You may find bees or wasps around the fireplace, and perhaps you have become aware that there is probably a nest in your chimney. On the other hand, the chimney may be blocked off and unused, yet you can see bees or wasps entering a hole or crevice.
If you have discovered that you have bees or wasps in your chimney, here are some actions you can take. It really depends:
Let's first take a look at the kinds of bees and possible wasp scenarios.
Pictured left is a red mason bee, Osmia bicornis. Again, appearances may vary, but you may see a number of these bees entering individual holes in the brickwork outside (not inside) the chimney. They are not aggressive, and will only be active for a season. They create nest cells in little holes in the mortar, then use damp mud and grit to plug them with. These bees can be left alone. I am not aware of them causing lasting damage to structures.
Below is a short mason bee video showing a mason bee nesting in a hole in mortar.
Left is a honey bee. Honey bees live in large colonies.
Sometimes, a swarm will settle inside a chimney with the intention of nesting there, and making a permanent home. If the chimney is unused, such as in an old outbuilding, and the fireplace is sealed up, you may decide to leave the bees alone, and allow them to make the chimney breast their home. Otherwise, you will require the assistance of a specialist to have them removed.
Once a nest has become established, the process of removing it is a complex one, and you will need to have the bees removed by a specialist company. All of the nest material, the comb must be removed to discourage more bees returning - or to encourage wasps.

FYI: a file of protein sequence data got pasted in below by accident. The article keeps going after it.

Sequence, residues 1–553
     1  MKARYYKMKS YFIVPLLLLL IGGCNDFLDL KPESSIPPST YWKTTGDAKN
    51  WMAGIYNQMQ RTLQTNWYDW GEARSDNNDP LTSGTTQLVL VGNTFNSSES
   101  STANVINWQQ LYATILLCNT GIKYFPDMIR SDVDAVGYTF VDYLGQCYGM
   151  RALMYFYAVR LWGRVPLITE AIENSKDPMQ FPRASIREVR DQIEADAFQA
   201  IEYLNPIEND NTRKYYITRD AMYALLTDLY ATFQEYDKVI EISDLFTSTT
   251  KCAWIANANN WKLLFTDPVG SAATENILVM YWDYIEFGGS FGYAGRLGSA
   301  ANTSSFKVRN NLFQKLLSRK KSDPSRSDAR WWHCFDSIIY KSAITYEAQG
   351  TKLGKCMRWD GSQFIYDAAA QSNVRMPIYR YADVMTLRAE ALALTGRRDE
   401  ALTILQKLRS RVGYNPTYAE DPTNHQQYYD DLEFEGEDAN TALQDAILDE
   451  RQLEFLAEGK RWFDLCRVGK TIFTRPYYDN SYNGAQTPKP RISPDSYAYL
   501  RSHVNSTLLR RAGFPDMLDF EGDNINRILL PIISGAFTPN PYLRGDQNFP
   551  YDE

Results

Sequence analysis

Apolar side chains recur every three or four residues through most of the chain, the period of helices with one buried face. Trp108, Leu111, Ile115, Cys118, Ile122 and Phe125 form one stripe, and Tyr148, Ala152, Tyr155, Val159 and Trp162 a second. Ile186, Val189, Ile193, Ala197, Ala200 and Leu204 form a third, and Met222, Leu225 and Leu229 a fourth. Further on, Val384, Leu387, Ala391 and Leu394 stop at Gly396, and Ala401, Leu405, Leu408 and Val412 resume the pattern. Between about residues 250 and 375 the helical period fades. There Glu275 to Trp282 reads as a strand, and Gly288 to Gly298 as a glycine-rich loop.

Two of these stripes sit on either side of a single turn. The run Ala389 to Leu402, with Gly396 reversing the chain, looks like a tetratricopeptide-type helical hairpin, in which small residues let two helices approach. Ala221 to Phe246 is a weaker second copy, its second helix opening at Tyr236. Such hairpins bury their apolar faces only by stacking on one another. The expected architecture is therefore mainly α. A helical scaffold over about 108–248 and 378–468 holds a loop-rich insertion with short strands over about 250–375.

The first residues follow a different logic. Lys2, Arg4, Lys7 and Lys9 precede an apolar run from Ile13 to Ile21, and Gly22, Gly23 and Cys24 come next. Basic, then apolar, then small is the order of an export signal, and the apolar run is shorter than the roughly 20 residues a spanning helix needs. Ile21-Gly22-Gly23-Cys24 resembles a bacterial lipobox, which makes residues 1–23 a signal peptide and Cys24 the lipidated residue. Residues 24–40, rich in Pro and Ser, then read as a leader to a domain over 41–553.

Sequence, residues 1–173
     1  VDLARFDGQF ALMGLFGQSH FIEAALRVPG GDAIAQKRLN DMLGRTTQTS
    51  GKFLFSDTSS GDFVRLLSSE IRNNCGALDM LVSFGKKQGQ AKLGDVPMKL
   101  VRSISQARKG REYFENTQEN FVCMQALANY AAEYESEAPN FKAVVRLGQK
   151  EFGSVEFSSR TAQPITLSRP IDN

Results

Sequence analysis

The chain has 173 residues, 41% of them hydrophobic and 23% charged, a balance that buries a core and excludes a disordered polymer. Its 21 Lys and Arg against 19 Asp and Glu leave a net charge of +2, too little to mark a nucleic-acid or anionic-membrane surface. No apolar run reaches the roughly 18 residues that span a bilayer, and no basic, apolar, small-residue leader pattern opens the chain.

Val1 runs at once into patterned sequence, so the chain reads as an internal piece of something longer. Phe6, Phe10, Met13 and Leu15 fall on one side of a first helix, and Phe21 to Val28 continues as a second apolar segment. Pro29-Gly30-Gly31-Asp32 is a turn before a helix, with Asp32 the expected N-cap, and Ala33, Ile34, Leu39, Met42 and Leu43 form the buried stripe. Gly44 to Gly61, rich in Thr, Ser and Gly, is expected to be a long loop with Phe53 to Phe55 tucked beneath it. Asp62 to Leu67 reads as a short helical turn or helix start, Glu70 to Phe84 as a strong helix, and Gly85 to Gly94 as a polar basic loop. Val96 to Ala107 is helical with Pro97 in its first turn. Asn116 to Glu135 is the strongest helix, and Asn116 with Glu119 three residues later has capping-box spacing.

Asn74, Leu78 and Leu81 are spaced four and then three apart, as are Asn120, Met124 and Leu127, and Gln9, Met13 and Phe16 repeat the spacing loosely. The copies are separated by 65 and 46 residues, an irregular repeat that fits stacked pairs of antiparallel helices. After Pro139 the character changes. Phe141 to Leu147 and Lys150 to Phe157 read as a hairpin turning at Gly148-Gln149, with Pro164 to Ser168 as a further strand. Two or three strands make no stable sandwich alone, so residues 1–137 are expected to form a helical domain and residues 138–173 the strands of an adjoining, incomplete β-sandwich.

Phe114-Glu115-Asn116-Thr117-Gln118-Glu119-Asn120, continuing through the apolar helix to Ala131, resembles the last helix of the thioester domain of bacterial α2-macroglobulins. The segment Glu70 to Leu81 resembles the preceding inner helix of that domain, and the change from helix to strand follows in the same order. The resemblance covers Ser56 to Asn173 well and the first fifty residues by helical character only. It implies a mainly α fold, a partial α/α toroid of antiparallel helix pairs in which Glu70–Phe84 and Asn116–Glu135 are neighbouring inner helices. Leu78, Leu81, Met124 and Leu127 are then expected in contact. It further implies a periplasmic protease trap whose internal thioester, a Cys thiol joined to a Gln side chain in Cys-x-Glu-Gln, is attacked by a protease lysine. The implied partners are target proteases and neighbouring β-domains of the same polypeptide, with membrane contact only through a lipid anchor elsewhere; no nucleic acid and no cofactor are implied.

Simply using poison on the nest will not work, all of the comb, larvae and detritus must be removed, or various unpleasant pests could take up residence in your chimney. In addition, it is surely better to relocate the bees humanely, rather than kill them.
There will be a charge for this service. Below is a video of honey bee removal from a chimney.
Who provides this service? Since this site receives visitors from all over the world, I cannot include all providers on this page. However:
- In the UK, you could try Swarm Catcher.
- In the US and Canada, see this page at the American Beekeeping Federation.
- For Australia, try
A wasp nest in a chimney may cause a lot of concern, and may or may not have to be removed, depending on your circumstances. Writing from experience, my sister had a wasp nest in her chimney. She asked me whether she should light a fire to get rid of them. Since a wasp nest is essentially made of paper made from chewed slithers of wood, I advised her not to do this - she may end up with a chimney fire. Having a large piece of land and being a keen food and flower grower, she appreciated the service the wasps provided, in terms of eating crop pests. (Wasps are much maligned, but wasps are actually beneficial). It being summer, she had no need to light the fire. She created a screen at the fireplace, and closed the door to that room, as she didn't need to use that room for a while. The colony was finished by the autumn. Occasionally, bits of old nest fell down the chimney, and she had the chimney cleared out.
If you can seal up the fireplace to stop the wasps entering your room from the chimney, this might be an option for you. Wear protective clothing if you are worried, prepare your materials in advance. Fabric, or even cling film taped securely to the sides, might do the job. Ensure there are no gaps. The debris can be cleared out in the autumn once the colony is no longer active.
On may page about wasp nests, you can read stories from visitors who decided to leave the wasp nest alone.
If you have serious concerns, you will need to call out a specialist company to deal with the nest.
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